My friend Stacy Livingston Rushton lives, like I do, the expat life. But whereas I’ve spent the last 30 years between France and Italy, Stacy has lived in close to 15 countries spread out over 6 of the 7 continents. A great home cook such as Stacy can’t but be influenced by the different cuisines of the different cultures and countries she has lived in and been a part of, recipes—and stories—that she shares on her blog foodlustpeoplelove.com.
Her Orange and Rosemary Boule, a traditional French round country loaf, is a gorgeous, flawless, flavorful bread, just this side of a brioche, inspired by the marvelous, crusty-on-the-outside, tender-on-the-inside artisan breads she ate while living in Paris. Rosemary is a much-used herb in France for both savory and sweet foods, and it goes beautifully with orange.
– Jamie Schler, “Stacy’s Orange and Rosemary Boule”, Orange Appeal, p116
I made this lovely bread relatively early on, in 2016, when we were still in testing mode for Jamie’s cookbook. And I loved the bread. Even though I know I drove Jamie mad by altering the recipe by refusing to test it as is but immediately reducing the amount of yeast and using a mixture of whole wheat flour and all-purpose flour.
We loved the aroma of the just baked bread – the orange and rosemary are wonderful together. Also, the bread looked beautiful with the toasted and twisted rosemary and zest on the surface.
Then, early last November, armed with our wonderful natural starter, I wanted to see how the bread turned out when made without commercial yeast.
Oranges still weren’t in season. But I thought it would be wise to use the rosemary plant I had brought inside to rescue it from our winter – before it got powdery mildew….
Here’s how things went:
9 November 2017, 16:39 I’m just about to shape Stacy’s Orange Rosemary Boule. I made it using wild yeast instead of active dry yeast but otherwise, followed the recipe.
Errmm, mostly. I reduced the amount of honey…. I’m excited to see if it turns out as well as the commercial yeasted version that I made last spring.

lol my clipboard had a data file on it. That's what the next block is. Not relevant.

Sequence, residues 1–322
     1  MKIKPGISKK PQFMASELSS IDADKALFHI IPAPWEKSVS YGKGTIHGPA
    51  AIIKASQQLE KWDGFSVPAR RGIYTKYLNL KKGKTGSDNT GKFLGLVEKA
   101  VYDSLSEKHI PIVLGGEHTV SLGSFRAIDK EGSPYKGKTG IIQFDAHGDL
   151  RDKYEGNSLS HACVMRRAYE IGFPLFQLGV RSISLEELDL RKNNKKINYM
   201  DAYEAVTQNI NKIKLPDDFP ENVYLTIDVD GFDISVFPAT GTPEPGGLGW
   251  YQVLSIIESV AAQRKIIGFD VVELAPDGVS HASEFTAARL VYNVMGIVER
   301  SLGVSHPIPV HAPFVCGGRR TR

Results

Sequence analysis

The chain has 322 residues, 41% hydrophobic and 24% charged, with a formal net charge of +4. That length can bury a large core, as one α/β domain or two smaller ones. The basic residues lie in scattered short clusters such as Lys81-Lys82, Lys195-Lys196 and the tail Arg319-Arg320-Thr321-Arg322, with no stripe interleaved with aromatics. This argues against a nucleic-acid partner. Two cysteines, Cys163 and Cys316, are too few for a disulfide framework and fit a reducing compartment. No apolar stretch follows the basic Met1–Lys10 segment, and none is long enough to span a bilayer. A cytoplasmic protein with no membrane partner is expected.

10 November 2017, noon Sigh. the weather changes are really flummoxing me with our wild starter. Stacy’s Wild Orange Rosemary boule looks okay for family use but I really can’t take it to a party tomorrow night as planned.
I just mixed another batch of dough – actually following the recipe in the book (shhhh, don’t tell Jamie – she’ll faint – well, it’s my idea of how to actually follow a recipe. I still reduced the amount of honey and yeast a little). Fingers crossed that the old jar of yeast languishing in the fridge is still viable….
Test the yeast first?? I considered it. I really did. I even held off dumping the flour in. But then I decided to throw caution to the wind and just test it with all the ingredients. I also (just in case) threw in a little of the starter from the fridge (why not? ) The resulting dough was a little slow to get going (I put in only 1/2 tsp of yeast instead of the 2 tsp called for) but by mid-afternoon, it was ready to shape. It’s in the fridge now – I’ll bake it tomorrow morning.
Oh yes, I guess I should confess that I didn’t oil the rising bowl as per the instructions.
11 November 2017, 08:49 I just took it out of the fridge and it’s huge. The oven is preheating now.
We cut into the failed wild version – it’s not as terrible as I thought it was going to be. Still, I’m glad that I made another loaf to take to the party tonight…. We sliced the wild version to make morning toast with tea. It’s strange that the orange flavour is almost invisible on first bite. The most noticeable flavour is a gentle sourness from the starter.
And then suddenly the orange appears. So does the rosemary. They completely mask any sourness. Yup, even though this bread doesn’t pass the two resident critics’ harsh judgements for looks and weight, I actually quite like it! (I’m afraid to ask T if he agrees.)
And how did the yeasted version taste? Alas, I have no idea. I delivered it to the kitchen as soon as we arrived at the party and that’s the last I saw of it. The other guests scarfed it up.
I can only assume that they loved it as much as we do.
I really cannot say it enough times: Thank you again for writing such a lovely cookbook, Jamie!
Orange Appeal: Savory and Sweet
by Jamie Schler with photos by Ilva Beretta
Add a little sunshine to every meal with these sweet and savory recipes. – Gibbs Smith Publishing
- Amazon.com: Orange Appeal: Savory and Sweet by Jamie Schler (author) and Ilva Beretta (photographer)
- Jamie Schler, Life’s a Feast
- Ilva Beretta, Ilva Beretta Photography
Jamie Schler offers a collection of sophisticated and sunny recipes using the most versatile of citrus fruits, the orange, in this beautifully photographed [by Ilva Beretta] cookbook. She incorporates the juice, zest, and fruit from many varieties of oranges as well as flavorings, extracts, and liqueurs.
Schler’s sauces, soups, salads, sides, main dishes, breads, and sweets embody the essence of orange and empress diners with recipes such as Orange Fig Sauce, Orange Braised Belgian Endive with Caramelized Onions and Bacon, Beef in Bourbon Sauce, Glazed Apple and Orange Braid, and Chocolate Orange Marmalade Brownies.
Gibbs Smith Publishing